Architect: C. Evelyn Simmons
Pevensey Bay, East Sussex
The Sandcastle is an incredibly rare example of a substantial Modern house directly on the sea front. It was designed in the early 1930s by the architect C. Evelyn Simmons for the actor Nicholas Prinsep and his American wife Anita Elson, one the most celebrated dancers of her day. The house has over 6,000 sq ft of internal space, which includes five bedrooms and three reception rooms and sits on approximately an acre of land. In recent years it has undergone extensive and sympathetic refurbishment. Situated directly on the East Sussex coast, residents have direct, private access to the beach (part of which is owned by the property).
The house has been designed to make the most of the sea views, with most of the rooms facing the beach. The main reception room features a wonderful, Art Deco curved window overlooking the gardens and the sea beyond. It also features, amongst other original details, an elegant fireplace. The second reception room, to the rear of the house, is a generously sized, square space with skylights that the current owners use as a library or family room. The kitchen has many restored 1930s details including the inbuilt storage and leads to a utility room on one side and the dining room to the front.
Also on the ground floor is a long bedroom wing featuring four bedrooms, all with en suite bathrooms. The largest of the bedrooms, the master suite, also benefits from a dressing room. An office, laundry room, ironing room and family bathroom can also be found on the ground floor. There is a boiler room and wine cellar on the lower ground floor.
The first floor features two rooms only, a fifth bedroom (with en suite shower room) and a wonderful space originally designed as a solarium that has views up and down the bay. It could potentially be used as another reception space, a bedroom or a studio. Extensive balconies on either side of this room provide ample outdoor space at this raised level.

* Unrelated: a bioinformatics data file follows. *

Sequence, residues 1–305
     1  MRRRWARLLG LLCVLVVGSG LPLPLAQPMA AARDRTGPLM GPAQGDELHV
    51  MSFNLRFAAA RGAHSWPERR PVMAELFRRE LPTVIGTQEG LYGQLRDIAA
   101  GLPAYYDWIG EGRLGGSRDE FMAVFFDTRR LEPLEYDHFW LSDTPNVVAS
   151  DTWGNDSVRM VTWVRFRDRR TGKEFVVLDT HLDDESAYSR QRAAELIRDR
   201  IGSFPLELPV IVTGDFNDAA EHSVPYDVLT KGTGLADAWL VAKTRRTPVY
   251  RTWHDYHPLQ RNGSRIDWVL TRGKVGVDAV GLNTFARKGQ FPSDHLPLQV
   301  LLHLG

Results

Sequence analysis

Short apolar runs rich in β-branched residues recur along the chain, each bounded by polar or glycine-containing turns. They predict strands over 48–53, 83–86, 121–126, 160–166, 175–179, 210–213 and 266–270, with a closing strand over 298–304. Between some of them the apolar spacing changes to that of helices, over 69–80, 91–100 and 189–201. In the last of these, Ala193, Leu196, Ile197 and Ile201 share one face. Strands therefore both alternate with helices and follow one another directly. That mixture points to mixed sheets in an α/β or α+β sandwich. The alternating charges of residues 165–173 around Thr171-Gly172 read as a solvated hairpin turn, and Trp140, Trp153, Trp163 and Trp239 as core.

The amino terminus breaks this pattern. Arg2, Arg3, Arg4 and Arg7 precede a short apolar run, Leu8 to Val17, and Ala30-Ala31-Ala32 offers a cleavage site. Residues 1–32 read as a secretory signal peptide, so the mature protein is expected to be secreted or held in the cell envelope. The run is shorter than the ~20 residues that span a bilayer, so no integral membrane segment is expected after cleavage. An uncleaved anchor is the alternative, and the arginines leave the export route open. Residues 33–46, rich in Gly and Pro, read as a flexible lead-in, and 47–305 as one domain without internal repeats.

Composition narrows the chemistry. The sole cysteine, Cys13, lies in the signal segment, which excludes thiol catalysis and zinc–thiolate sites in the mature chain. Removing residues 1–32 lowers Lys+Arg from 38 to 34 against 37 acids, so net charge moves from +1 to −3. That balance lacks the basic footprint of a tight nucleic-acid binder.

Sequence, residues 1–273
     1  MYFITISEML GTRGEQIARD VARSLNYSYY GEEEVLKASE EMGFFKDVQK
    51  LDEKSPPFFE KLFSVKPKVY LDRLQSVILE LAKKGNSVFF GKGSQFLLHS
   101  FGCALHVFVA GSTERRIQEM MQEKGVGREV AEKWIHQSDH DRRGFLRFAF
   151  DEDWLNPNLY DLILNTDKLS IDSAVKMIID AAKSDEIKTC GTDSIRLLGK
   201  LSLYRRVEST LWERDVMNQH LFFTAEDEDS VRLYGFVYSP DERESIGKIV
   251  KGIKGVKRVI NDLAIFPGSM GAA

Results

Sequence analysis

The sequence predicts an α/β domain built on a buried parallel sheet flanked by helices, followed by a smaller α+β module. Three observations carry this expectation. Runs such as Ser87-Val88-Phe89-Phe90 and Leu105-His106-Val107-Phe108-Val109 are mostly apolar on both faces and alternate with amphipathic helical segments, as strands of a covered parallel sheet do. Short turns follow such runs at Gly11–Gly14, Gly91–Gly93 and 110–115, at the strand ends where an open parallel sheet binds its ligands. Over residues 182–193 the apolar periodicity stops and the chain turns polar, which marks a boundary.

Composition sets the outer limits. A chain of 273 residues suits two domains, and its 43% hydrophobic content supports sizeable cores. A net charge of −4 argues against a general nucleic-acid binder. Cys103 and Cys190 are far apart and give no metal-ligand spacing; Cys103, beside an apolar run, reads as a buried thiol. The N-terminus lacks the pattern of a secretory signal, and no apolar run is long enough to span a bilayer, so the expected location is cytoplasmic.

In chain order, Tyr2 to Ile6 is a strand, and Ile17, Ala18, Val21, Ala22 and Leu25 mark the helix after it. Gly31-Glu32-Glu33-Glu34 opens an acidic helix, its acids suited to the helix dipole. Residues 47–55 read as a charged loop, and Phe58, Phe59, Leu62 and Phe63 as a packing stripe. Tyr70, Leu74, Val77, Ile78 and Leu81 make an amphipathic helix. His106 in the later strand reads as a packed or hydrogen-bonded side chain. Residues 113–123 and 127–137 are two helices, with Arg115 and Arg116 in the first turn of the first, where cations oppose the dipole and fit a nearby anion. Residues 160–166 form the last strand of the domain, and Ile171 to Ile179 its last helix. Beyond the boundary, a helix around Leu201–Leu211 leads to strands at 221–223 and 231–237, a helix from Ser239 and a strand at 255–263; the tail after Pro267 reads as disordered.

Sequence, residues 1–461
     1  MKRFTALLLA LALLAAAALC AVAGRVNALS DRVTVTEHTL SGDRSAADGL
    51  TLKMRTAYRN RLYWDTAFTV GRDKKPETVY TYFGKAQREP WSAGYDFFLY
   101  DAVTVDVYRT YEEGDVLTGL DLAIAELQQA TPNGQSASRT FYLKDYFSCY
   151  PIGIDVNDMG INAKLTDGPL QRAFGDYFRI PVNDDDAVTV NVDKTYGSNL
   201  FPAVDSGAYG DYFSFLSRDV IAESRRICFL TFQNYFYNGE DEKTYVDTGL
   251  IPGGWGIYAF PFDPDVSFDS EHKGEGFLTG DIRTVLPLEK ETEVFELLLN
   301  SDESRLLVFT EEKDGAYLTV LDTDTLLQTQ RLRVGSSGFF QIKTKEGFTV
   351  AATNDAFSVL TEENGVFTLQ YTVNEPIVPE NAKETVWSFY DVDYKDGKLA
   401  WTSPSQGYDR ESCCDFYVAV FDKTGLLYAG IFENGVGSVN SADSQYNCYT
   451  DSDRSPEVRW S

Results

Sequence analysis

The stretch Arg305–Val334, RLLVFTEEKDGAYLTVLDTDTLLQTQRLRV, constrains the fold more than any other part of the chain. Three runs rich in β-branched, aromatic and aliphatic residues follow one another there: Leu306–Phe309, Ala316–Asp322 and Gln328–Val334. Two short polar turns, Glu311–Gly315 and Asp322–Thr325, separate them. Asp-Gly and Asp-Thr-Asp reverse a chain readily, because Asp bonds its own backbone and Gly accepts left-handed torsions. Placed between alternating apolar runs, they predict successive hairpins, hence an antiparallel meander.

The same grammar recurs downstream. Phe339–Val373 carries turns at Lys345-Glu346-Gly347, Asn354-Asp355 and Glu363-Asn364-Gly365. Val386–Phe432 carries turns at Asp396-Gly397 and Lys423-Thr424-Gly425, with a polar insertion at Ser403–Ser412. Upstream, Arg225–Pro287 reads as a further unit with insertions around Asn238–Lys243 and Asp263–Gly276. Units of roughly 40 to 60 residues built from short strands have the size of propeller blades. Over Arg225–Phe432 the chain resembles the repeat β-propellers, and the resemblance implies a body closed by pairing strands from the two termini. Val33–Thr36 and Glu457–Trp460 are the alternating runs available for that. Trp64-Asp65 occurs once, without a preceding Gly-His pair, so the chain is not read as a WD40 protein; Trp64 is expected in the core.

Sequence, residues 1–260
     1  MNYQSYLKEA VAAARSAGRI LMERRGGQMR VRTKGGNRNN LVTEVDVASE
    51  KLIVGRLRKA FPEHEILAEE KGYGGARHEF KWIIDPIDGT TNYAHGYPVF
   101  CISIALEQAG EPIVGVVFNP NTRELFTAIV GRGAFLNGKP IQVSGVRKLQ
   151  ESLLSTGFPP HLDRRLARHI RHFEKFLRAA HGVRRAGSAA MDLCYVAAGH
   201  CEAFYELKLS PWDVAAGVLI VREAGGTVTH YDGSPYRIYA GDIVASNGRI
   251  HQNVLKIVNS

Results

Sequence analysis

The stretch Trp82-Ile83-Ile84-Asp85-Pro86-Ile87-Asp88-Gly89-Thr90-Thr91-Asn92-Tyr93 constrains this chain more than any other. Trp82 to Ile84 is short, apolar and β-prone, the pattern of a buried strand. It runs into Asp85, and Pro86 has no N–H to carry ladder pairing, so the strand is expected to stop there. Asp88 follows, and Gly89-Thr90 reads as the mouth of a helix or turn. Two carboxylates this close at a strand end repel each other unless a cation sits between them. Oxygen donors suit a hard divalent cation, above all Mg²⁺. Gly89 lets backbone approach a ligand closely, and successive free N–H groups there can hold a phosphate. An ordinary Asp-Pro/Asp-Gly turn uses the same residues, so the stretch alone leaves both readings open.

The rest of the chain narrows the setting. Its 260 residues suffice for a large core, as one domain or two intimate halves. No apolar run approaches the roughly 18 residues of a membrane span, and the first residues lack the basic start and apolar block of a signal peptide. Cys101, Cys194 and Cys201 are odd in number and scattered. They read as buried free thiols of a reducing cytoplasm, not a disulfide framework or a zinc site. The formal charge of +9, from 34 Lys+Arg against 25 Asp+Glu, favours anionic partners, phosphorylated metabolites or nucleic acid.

The gardens are among the most appealing features of this astonishing house. The current owners have had them sympathetically landscaped to include formal lawns, borders and a wonderful heated swimming pool. To the rear of the house, there are more gardens as well as a garage block.
Pevensey Bay is a small coastal settlement, part of the village of Pevensey, on the beautiful East Sussex coast between Brighton and Hastings. It has a wide shingle beach and a high street with a number of shops and services. There is also a train station that runs direct services to London in approximately 1 hr 45 mins. Faster services run to London Victoria from nearby Eastbourne in approximately 80 minutes.
There are a number of good places to eat in the area, including The Lamb Inn at Wartling and the wonderful De La Warr Pavilion in nearby Bexhill which also offers a broad range of cultural events.
Please note that all areas, measurements and distances given in these particulars are approximate and rounded. The text, photographs and floor plans are for general guidance only. The Modern House has not tested any services, appliances or specific fittings — prospective purchasers are advised to inspect the property themselves. All fixtures, fittings and furniture not specifically itemised within these particulars are deemed removable by the vendor.
The Sandcastle was built in 1933 – 34 to designs by the architect C. Evelyn Simmons (R.A.) for actor Nicholas Prinsep and his wife Anita Elson. It was their weekend retreat and was known as a location where extravagant parties were held with some reputedly high profile guests. Indeed it is thought that Prince Edward and Wallis Simpson used it as a secret hideaway where they could continue their controversial relationship.
Anita Elson was an American entertainer who became one of the stars of her day as a “dance sensation”. London’s National Portrait Gallery have in their collection a beautiful photograph of Elson showing her to be an elegant, exquisitely dressed woman.
Charles Evelyn Simmons (1879-1952) was a London-based architect who worked for a broad range of clients. His other projects included an impressive house in Hendon, London (now Grade II listed) and Tate & Lyle’s refinery in Silvertown.
In 1939 the house was requisitioned and became a coastal battery station before returning once again to being a private residence. The current owners have, over the past five years, worked successfully to restore what they call “the original spirit of the house”.